When I mentioned that the two Disney films that loomed largest in my childhood, largely thanks to LP records with songs and dialogue excerpts (this is how we endlessly replayed our movie experiences before we had VCRs, let alone Netflix), were Robin Hood and Jungle Book, Tom said bluntly, "Robin Hood is not a good movie." When I began to stammer in protest, Tom helpfully offered, "I have nostalgia for 'Quick Draw McGraw,' but it's not good animation." (Fair enough, though what I chiefly love about Robin Hood is Roger Miller's laconic score; Tom challenged me to sing some of it, and I haltingly obliged with a little "Oo-De-Lally.")

The good news, though, is that in the age of on-demand video, Tom said, "The kids don't know what order they came out in, unless they're technically savvy about animation." I can vouch for that, having a four-year-old who toggles happily between Cinderella and The Princess and the Frog. And here Tom couldn't resist one last dig at my childhood favorite; viewed in this freshly leveled landscape of old mixed with new, he said, "Your beloved Robin Hood looks like crap."

And I guess Roger Miller already has a Broadway musical.

Related: A sidebar on other Disney adaptations that may be in the theatrical pipeline.

Jun 18, 2013

Twin Powers, Activate

It's been a few years in the making, and it's still not ready to roll out just yet, but with a few other songwriters I've been putting together O Baby Mine, an album of Shakespeare-inspired tunes for kids--some with text directly from the Bard, some commenting on his work, and some, like the one above, inspired by his plots. I share it now because the Public Theater's Shakespeare in the Park's fine new Comedy of Errors opens tonight. Enjoy!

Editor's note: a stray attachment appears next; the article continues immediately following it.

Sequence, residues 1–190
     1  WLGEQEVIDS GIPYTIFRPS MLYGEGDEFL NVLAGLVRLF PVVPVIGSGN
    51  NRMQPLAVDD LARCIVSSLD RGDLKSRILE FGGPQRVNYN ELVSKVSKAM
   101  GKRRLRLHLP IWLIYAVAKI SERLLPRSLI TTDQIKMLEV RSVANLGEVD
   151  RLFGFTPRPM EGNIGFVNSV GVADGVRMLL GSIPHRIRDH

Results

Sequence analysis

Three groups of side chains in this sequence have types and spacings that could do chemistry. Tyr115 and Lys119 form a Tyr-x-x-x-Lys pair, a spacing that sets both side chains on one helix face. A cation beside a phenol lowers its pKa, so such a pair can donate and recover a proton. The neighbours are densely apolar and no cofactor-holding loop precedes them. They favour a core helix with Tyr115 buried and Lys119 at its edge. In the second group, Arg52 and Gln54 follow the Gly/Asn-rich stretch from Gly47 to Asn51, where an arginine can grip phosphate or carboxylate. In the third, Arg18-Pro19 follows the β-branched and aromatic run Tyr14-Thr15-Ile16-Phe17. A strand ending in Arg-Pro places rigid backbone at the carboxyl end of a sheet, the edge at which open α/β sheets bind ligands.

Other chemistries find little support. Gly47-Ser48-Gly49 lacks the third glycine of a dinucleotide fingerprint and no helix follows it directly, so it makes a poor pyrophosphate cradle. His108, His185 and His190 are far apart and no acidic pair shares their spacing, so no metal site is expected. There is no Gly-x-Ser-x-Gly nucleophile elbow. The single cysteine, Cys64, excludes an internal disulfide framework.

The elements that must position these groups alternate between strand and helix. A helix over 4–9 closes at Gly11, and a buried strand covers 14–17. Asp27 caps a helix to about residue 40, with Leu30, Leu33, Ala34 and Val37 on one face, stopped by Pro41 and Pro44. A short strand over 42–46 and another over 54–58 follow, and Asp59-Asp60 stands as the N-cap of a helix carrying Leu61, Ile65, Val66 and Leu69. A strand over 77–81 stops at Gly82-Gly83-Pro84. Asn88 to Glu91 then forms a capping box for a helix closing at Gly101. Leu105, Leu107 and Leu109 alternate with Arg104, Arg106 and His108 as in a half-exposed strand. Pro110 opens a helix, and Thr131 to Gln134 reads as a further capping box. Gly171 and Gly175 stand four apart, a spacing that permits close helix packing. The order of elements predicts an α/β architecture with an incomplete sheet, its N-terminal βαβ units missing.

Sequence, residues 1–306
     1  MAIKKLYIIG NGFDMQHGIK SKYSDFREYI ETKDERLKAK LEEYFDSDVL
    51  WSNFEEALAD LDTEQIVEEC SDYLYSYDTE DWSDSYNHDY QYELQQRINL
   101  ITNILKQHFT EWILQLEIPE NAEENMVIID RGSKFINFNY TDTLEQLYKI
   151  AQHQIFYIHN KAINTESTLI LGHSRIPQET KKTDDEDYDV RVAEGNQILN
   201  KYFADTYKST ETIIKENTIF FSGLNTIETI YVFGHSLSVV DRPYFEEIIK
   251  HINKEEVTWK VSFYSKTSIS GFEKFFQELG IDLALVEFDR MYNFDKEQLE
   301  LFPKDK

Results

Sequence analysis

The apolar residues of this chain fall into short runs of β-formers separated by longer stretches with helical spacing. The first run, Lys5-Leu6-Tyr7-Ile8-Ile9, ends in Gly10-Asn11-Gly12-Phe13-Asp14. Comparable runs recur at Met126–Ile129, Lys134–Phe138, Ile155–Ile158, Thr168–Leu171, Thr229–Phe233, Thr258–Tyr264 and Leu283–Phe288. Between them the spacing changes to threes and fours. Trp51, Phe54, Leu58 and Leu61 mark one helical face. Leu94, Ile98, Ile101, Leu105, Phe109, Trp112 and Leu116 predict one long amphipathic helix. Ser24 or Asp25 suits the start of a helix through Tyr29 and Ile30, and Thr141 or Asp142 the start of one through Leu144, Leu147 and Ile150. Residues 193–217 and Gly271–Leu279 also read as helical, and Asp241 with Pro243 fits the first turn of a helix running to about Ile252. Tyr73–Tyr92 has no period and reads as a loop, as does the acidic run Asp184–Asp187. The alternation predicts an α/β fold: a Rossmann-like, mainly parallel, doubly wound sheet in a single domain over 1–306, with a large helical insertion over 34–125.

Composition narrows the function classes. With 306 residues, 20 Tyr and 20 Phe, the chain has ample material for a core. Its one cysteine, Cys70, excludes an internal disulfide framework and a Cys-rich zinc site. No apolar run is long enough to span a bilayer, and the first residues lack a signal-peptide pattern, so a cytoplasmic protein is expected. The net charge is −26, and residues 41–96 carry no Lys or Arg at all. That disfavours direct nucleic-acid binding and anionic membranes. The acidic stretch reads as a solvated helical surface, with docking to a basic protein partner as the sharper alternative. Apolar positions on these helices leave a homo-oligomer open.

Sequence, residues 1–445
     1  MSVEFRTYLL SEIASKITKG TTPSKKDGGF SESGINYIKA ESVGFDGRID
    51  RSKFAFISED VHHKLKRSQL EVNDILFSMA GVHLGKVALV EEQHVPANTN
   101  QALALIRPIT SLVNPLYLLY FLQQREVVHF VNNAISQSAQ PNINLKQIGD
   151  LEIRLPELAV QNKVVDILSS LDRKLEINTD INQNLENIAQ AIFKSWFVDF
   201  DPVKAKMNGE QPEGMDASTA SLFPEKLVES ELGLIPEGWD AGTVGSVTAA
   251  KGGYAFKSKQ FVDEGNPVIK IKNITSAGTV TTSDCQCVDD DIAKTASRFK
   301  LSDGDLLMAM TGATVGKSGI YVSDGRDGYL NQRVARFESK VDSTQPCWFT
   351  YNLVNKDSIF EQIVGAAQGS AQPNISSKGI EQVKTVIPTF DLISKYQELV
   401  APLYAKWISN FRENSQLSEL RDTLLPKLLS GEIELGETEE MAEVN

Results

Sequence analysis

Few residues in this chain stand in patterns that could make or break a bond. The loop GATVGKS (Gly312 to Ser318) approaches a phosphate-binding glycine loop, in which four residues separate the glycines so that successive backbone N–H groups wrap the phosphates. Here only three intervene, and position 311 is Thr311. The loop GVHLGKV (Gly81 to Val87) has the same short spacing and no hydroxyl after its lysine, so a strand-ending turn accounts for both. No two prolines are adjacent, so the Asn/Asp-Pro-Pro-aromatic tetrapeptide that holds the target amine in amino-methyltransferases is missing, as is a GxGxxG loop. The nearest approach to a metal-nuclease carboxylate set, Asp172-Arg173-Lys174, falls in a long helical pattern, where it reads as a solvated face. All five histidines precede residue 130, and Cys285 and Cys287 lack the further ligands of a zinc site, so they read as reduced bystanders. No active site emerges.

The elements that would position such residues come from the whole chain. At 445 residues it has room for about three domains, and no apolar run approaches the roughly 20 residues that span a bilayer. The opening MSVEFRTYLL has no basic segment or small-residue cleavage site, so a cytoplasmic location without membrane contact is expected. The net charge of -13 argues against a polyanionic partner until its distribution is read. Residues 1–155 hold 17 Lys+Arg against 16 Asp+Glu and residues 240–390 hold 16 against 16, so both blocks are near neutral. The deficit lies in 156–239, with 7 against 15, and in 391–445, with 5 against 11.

Jun 17, 2013


Insert obligatory apology for light posting here. The slowdown has been mainly due to my being out of town to report a big story on the Goodman Theatre's new Jungle Book. You may have heard about the show last week when a controversy over director/adapator Mary Zimmerman's alleged cultural insensitivity exploded on the Internet, a few days after I'd returned from reporting in Chicago (the post most worth reading is the kerfuffle's civil, and hopefully definitive, denouement). In the hours I spent with her, as well as watching rehearsals and talking to songwriter Richard M. Sherman, music director Doug Peck, performer Andre De Shields, and others, the issues of both Rudyard Kipling's colonialism and the Disney film's perceived racism definitely came up, and not trivially. I would argue that it's not the main thing worth talking about with this relatively lighthearted family musical, but it's not negligible, either, and I was convinced from my interviews that Zimmerman and the entire company had given these issues considerable thought and care.

So maybe that's why, when I read her explaining her approach to these issues, I immediately understood the context of her comments, particularly the most infamous one: In trying to debunk the common perception that the Disney film's singing orangutan, voiced by an Italian jazz singer, is somehow a racist caricature, she said, "It's something I think where the racism is in the eye of the beholder." If you lop off the words "It's something I think where the," as even usually circumspect Thomas Cott sloppily did, then you do indeed have an inflammatory and sweepingly dismissive statement--just not one the Mary Zimmerman happened to say or mean. Even her comment about the British imperial period in India ("No one is sitting around moping about the raj"), while it certainly sounds flippant and dismissive, I understood to mean--in the context of a show in which Zimmerman, her designers, and music director Doug Peck are paying tribute to the story's Indian setting in a fascinating, and to my ears and eyes, joyous way--that Indian culture is not ultimately confined to or defined by its interactions with the West.

In any case, I'm glad that Jamil Khoury, whose initial anti-Mary Zimmerman post reads more like a full-career slam than a "conversation starter," was gracious enough to let her explain herself at length on the same site. My story will be out this week, and you can read more then.